diffrences of REALISM and Neorealism.docx

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Arizona State University
Aerospace Studies
AES 204
Douglas Portmore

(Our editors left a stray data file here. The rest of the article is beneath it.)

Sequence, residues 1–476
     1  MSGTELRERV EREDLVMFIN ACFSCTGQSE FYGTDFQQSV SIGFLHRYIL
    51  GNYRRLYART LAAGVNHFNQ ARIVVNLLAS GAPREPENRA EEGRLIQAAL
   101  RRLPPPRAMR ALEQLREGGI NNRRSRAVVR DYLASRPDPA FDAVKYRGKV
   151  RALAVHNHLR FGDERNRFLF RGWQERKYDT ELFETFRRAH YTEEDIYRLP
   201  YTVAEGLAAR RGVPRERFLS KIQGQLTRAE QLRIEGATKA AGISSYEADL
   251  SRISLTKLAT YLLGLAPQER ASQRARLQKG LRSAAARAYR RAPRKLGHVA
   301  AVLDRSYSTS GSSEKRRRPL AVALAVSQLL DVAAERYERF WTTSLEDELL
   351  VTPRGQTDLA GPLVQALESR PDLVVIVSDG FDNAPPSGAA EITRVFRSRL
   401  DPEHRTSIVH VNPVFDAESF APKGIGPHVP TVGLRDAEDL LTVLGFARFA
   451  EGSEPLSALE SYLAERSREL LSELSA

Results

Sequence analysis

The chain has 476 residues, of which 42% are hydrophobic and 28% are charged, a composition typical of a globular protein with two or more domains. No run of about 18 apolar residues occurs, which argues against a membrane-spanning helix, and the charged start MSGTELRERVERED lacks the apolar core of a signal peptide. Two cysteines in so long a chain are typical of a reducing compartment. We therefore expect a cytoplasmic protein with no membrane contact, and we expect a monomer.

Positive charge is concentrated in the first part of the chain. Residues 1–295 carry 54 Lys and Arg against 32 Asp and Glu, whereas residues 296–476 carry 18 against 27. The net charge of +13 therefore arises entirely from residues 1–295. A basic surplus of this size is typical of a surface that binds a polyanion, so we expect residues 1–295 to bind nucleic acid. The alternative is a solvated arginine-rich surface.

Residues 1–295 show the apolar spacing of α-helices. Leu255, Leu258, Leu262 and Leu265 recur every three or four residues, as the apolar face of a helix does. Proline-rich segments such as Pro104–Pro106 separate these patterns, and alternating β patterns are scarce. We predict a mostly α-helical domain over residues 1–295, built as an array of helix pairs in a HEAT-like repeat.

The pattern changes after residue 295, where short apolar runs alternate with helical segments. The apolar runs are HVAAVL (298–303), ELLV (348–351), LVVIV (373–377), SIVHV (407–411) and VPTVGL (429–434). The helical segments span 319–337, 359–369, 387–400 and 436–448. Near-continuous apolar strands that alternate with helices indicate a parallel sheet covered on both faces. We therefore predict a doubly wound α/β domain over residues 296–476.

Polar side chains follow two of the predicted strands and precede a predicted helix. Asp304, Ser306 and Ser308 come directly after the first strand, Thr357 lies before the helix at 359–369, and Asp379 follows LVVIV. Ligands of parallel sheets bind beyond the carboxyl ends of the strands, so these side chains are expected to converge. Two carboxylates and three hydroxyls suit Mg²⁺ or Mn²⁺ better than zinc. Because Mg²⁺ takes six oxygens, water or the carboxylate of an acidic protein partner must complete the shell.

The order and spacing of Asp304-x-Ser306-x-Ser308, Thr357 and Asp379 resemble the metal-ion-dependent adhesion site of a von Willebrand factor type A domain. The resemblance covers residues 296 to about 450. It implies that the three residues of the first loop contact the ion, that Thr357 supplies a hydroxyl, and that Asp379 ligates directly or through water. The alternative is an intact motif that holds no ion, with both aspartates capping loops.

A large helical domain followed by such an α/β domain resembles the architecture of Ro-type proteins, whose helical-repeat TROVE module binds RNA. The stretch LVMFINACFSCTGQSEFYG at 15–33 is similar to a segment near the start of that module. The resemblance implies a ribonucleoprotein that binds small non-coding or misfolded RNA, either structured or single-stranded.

CLASSICAL THEORY OF REALISM: 1) Introduction: The story of realism more often begins with a mythical tale of the idealist or utopian writers of the inter- war period (1919-39), writing in the aftermath of WW I, the idealists, a term that realist writers have retrospectively imposed on the interwar scholars, focused much of their attention on understanding the cause of war so as to find a remedy for its existence. It is the most debated and dominant theory of IR. It provides the most powerful explanation for the state of war which is the regular condition of life in the international system. It can be found in theory form since 18th and 19th century but was revived after WW II. Post second WW era was the era of Realism. Its main features were Cold War, Arms race, Super power rivalry, proliferation of arms (nuclear and conventional) and struggle of power not only b/w superpowers but also b/w other regions and states. Robert H Jackson writes in “The Globalization of World Politics”: “Statecraft was theorized by Machiavelli (1469-1527), particularly in his classic study of The Prince, as an instrumental foreign policy viewpoint in which political virtue was equated with astuteness in the development and employment of state power, and political vice with a Christian faith in justice, honour, glory, fortune, necessity, and above all virtue – in the strictly secular sense of skillful statecraft – are central ideas for Machiavelli and other renaissance political commentators. These ideas form an important part of what has come to be known as the classical theory of realism.” 2) Defining Realism: I. Realism in IR is “set of ideas which take into account the implications of security and power factors.” II. “IRs as anarchic relations exists among sovereign political states. These states recognize no supreme international judge or referee. They revolt to war to protect their vital interests.” III. “Realism considered IR as a struggle for power. Realists argue that the adaptation of legalistic and moralistic behaviour in IR tends to run contrary to the forces of nature and results either in defeatism or in violent and struggling spirit. They consider game of international politics revolve around pursuit of power; acquiring it, increasing it, projecting it and using it to bent other to one/s will.” IV. “Realists are often political conservatives. According to them people are self-interested and selfish by nature and seek to dominate others. They cannot be dependent on to cooperate and will stop cooperating when it is not in their narrow and immediate interest.” V. “The basic assumption underlying realist theory is continuous existence of conflict among nations in one form or the other. This is taken as stable doctrine. Thus competition for power is going on and can neither be controlled nor regulated by international law or world government or international organizations. Thus realism clearly accepts the permanence of the struggle of power as its guiding principle.” VI. Realism identifies the group as the fundamental unit of political analysis. 3) Important writers of realism: Thomas Hobbes, Machiavelli, George Kennen, Hans Morgenthau and Henry Kissinger. Thomas Hobbes considered international politics “a war of all against all”. Morgenthau in ‘politics among nations’, ”international politics is a struggle for power, power is always the immediate aim.” 4) Six Principles of Morgenthau: I. Objective laws of human nature: these laws provide a certainty and confidence in predicting rationale political behaviour. II. National interest: III. National interests are dynamics: interest is not stable and can be shaped according to environment. IV. Universal moral principles: moral pr
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